- What is it: Maintains standing and stability, whether you’re stationary or moving around. Try yoga, Tai Chi, and posture exercises to gain confidence with balance.
- Why it’s good for you: Improves balance, posture, and quality of your walking. Also reduces risk of falling and fear of falls.
- Walking. Walking is a perfect way to start exercising. It requires no special equipment, aside from a pair of comfortable walking shoes, and can be done anywhere.
- Senior sports or fitness classes. Keeps you motivated while also providing a source of fun, stress relief, and a place to meet friends.
- Water aerobics and water sports. Working out in water is wonderful for seniors because water reduces stress and strain on the body's joints.
- Yoga. Combines a series of poses with breathing. Moving through the poses works on strength, flexibility and balance. Yoga can be adapted to any level.
- Tai Chi and Qi Gong. Martial arts-inspired systems of movement that increase balance and strength. Classes for seniors are often available at your local YMCA or community center.
Exercise and Fitness over 50: Tips for frail or chair–boundEven if you are frail or chair–bound, you can still experience the mood-boosting effects of exercise. Chair–bound adults can improve fitness with strength training, flexibility, and even some cardio activities. If being chair–bound has prevented you from trying exercise in the past, take heart knowing that when you become more physically active, the results will amaze you. Like any exercise program, a chair–bound fitness routine takes a little creativity and personalization to keep it fun.
Chair–bound Exercise and Fitness
- Strength: Use free weights ( “dumbbells”) to do repetitive sets of lifting. Don’t have weights? Use anything that is weighted and fits in your hand, like soup cans.
- Resistance: Resistance bands are like giant rubber bands designed to give your muscles a good workout when stretched and pulled. Resistance bands can be attached to furniture, a doorknob, or even your chair. Use these for pull-downs, shoulder rotations, and arm and leg-extensions.
- Flexibility: By practicing mindful breathing and slowly stretching, bending, and twisting, you can limber up and improve your range of motion. Some of these exercises can also be done lying down. Ask your doctor or search online for chair-yoga possibilities.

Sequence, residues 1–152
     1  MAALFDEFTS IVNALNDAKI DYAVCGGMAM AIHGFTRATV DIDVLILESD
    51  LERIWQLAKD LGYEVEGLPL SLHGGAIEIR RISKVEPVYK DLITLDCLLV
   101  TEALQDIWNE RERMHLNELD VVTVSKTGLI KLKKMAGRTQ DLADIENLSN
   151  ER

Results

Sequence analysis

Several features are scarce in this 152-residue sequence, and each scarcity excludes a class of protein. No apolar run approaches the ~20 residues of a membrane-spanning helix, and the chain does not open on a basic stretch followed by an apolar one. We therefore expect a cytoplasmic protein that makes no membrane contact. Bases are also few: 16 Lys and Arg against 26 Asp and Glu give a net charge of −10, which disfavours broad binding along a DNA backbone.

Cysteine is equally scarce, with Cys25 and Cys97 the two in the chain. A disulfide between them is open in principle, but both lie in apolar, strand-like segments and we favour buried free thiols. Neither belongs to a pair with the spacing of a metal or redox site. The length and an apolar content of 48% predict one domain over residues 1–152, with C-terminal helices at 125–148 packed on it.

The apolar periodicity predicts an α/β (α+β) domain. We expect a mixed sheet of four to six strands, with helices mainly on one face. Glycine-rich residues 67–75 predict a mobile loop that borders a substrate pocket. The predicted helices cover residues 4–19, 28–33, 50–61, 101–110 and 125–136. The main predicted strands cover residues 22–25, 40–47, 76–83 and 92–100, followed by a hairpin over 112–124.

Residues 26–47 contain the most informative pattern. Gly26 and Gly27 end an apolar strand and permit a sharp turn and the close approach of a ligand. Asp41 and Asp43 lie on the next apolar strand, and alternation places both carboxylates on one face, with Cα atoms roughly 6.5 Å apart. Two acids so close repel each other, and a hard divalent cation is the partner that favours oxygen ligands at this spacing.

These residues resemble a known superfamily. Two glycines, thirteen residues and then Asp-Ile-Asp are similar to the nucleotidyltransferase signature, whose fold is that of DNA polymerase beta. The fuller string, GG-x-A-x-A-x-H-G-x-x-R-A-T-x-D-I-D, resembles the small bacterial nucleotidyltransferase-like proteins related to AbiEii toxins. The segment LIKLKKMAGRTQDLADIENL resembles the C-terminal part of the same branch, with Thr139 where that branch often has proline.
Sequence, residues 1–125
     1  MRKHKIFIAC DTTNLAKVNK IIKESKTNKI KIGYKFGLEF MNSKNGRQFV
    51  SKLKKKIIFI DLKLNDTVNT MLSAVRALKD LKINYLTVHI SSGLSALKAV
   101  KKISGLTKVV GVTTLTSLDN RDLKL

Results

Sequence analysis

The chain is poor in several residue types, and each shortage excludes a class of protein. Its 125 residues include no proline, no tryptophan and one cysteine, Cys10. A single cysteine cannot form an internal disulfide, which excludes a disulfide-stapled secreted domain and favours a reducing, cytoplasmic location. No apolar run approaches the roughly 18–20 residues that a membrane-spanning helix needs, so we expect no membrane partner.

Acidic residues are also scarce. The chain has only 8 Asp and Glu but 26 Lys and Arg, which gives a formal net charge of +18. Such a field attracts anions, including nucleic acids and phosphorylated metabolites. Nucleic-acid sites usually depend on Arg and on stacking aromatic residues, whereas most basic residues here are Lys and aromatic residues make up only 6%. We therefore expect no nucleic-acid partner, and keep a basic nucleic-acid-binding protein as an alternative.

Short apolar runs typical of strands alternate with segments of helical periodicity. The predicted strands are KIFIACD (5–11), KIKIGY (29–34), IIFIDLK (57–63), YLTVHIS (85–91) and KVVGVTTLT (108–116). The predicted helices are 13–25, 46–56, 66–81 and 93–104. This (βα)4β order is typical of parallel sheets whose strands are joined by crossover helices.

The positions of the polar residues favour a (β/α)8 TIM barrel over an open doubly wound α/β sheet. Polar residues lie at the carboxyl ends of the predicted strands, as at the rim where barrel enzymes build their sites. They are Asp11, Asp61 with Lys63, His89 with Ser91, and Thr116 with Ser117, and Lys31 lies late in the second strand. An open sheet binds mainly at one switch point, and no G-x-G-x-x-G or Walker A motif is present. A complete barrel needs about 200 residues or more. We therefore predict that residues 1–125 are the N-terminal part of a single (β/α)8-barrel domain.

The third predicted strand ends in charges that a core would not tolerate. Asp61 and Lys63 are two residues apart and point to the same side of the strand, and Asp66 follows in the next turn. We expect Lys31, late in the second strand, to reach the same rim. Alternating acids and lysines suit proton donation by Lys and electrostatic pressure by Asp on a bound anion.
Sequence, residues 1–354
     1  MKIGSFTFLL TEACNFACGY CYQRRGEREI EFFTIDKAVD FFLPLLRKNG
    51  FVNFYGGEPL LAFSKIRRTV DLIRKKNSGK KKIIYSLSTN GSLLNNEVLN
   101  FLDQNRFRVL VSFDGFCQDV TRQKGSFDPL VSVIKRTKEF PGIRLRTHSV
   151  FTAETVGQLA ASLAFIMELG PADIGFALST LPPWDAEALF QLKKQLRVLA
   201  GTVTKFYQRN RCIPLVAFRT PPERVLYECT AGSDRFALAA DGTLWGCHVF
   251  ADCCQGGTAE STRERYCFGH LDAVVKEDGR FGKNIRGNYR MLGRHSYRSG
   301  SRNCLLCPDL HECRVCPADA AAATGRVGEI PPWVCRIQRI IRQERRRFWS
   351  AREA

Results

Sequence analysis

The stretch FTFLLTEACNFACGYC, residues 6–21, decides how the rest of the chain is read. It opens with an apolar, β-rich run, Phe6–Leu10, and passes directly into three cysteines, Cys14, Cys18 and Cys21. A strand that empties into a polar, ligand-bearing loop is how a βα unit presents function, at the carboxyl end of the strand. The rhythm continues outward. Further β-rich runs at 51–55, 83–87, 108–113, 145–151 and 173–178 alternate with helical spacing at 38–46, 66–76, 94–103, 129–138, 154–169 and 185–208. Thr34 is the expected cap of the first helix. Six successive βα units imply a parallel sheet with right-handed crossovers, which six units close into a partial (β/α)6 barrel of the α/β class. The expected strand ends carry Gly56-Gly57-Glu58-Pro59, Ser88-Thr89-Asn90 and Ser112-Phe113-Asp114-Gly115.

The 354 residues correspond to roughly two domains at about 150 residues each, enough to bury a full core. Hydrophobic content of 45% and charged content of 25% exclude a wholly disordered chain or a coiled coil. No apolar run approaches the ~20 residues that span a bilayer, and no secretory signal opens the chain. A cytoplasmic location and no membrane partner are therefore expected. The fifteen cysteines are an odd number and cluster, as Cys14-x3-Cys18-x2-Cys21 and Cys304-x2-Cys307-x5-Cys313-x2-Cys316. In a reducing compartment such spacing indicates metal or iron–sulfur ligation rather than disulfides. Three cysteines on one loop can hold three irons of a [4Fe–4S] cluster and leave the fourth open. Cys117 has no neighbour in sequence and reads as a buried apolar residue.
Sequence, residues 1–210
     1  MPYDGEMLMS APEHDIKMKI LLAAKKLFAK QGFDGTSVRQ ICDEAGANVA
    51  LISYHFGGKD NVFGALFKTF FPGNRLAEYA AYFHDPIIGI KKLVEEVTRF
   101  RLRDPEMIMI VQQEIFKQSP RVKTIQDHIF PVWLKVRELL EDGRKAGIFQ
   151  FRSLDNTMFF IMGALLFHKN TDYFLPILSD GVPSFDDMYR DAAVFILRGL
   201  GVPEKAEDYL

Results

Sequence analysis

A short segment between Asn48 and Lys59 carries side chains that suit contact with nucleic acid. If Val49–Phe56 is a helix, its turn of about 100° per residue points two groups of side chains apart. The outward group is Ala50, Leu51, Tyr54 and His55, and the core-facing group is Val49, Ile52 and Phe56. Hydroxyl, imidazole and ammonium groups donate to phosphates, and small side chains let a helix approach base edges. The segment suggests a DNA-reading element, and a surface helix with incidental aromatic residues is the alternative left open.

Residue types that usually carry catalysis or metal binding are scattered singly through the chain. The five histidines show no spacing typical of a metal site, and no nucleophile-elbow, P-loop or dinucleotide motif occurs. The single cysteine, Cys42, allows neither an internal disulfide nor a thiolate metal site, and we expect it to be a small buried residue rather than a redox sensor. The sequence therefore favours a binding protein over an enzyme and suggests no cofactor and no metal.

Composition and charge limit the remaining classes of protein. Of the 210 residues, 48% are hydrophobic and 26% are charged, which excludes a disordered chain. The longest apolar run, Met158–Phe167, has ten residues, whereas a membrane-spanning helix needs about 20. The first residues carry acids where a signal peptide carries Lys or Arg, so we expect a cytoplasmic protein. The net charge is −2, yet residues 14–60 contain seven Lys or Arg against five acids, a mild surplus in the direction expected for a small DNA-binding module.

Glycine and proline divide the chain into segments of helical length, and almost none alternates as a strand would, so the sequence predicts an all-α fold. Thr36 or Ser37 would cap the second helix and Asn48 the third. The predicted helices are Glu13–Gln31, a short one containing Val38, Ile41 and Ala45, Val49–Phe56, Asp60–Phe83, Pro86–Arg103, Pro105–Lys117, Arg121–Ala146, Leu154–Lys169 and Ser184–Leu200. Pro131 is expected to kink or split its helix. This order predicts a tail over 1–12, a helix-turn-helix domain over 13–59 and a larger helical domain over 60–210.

- Endurance: Check out pool-therapy programs designed for wheelchair–bound seniors. Also, wheelchair-training machines make arm-bicycling and rowing possible. If you lack access to special machines or pools, repetitive movements (like rapid leg lifts or sitting pushups) work just as well to raise your heart rate.
Exercise and Fitness over 50: Tips for getting more active—and liking itIf you dread working out, it’s time for a mental makeover. Consider physical activity part of your lifestyle instead of a bothersome task to check off your “to do” list. There are plenty of ways for seniors to make exercise a pleasurable part of everyday life—here are just a few.
Choose activities and exercises you enjoyThink about activities that you enjoy and how you can incorporate them into an exercise routine.
- Listen to music while lifting weights
- Window shop while walking laps at the mall
- Get competitive while playing tennis
- Take photographs on a nature hike
- Meet new people at a yoga class
- Watch a favorite movie while on the treadmill
- Chat with a friend while walking, stretching, or strength training
- Active on the go: Always choose stairs over the elevator, park at the far end of the parking lot when arriving at appointments and meetings, walk down every isle of the grocery store while shopping, practice balancing skills while standing in line, do neck rolls while waiting at a stoplight.
- Active at home: Do a set of wall pushups while waiting for water to boil, vigorously vacuum, tend to the garden, sweep the sidewalk, rake leaves, lift weights while watching the news, try toe-raises while talking on the phone, do knee bends after sitting for a long period of time.